As the primary and most "systematic" (he might have bristled) exponent of auteur theory in North American film criticism, Sarris maintained that a director's career should be understood as a total body of work, with newer films shifting our original impressions of the older ones. That is, a good oeuvre is an argument of sorts, and it's never really finished until the great bell chimes.
This means we have to see and re-see films we care about (or perhaps thought we didn't), and above all, you can never write off a "bad" director, no matter how much you think you've got their number. It's not just that he or she may grow, of course; there may well have been a blind spot that you, the viewer, didn't recognize, and some subsequent film could be the one that results in the aha! moment. In short, Sarris' theory of viewing was one of patience and generosity — one that grappled with "interesting failures" and demanded that we never give up on an artist.
This brings us to the latest feature by Todd Solondz, Dark Horse. Solondz is still best known for two of his earliest films, Welcome to the Dollhouse and Happiness. I detested them, finding their worldview cynical and repugnant. The former struck me as an exercise in kick-the-dog cruelty disguised as black humor. Happiness, meanwhile, still hailed by some as an indie-cinema masterwork, seemed little more than a calculated shock tactic neatly tied with a glittering bow of smug middle-class moralism. Later films, like Storytelling and Palindromes, only cemented my opinion. I was done with Solondz.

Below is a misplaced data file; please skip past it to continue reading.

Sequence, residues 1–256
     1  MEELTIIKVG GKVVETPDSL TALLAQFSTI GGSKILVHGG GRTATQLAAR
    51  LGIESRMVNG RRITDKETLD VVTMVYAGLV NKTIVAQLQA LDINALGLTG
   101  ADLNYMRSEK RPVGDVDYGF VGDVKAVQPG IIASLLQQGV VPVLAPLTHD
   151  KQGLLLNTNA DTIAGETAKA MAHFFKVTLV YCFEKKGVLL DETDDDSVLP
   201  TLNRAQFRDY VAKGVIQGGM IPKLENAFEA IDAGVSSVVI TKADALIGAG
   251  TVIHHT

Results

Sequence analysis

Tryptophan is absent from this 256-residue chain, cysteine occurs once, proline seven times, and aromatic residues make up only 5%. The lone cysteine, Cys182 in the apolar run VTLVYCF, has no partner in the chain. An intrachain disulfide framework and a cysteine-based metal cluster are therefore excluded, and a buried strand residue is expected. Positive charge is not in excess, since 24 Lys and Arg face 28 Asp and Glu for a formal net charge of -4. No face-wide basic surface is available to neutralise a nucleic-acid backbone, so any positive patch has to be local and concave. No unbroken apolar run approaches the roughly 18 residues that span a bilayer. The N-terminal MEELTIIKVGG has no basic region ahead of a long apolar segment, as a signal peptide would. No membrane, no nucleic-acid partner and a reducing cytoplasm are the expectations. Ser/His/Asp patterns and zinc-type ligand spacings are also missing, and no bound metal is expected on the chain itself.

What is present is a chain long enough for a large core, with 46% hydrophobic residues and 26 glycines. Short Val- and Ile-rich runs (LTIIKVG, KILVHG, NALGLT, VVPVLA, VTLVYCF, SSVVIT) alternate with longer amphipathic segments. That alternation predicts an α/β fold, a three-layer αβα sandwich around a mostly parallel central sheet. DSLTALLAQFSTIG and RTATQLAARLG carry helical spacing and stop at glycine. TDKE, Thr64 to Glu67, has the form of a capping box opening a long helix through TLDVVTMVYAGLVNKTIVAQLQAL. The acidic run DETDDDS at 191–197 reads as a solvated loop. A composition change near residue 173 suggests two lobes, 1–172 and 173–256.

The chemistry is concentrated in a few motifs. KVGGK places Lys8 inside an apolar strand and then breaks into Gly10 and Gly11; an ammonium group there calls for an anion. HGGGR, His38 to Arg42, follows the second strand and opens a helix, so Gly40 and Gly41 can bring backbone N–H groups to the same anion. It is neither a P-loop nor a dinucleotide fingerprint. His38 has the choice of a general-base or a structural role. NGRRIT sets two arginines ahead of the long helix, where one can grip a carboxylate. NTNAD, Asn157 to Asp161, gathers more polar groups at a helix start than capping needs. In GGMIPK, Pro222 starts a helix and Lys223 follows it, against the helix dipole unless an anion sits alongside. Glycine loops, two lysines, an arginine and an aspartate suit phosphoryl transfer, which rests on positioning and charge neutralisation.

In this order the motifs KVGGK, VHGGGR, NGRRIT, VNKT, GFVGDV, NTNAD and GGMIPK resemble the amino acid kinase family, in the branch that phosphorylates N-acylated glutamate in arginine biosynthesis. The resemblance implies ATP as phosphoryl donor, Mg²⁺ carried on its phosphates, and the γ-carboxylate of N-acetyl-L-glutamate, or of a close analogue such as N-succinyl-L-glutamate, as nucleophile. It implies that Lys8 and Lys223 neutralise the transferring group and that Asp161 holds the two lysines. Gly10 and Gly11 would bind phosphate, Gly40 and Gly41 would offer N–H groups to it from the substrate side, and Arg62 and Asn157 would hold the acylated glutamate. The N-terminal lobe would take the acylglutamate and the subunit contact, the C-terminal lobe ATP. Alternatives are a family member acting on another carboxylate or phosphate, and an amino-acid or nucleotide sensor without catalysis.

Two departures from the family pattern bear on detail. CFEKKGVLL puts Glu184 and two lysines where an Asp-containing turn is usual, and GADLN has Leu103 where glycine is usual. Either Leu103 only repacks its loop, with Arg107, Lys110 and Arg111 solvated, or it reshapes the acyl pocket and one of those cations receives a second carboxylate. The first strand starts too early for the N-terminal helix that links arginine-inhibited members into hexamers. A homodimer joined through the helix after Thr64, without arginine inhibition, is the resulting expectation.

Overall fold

Then I was assigned to review his film before Dark Horse, Life During Wartime. In it, I discovered that the director's formal style — hard, flat and artificial, with a hint of distance between the performer and the character — seemed to invite a new degree of empathy and sorrow. Had this been there all along? Instead of moralism, I saw exhaustion and fear. And much to my surprise/relief, Solondz's latest is even better. In fact, it may be his very best film to date.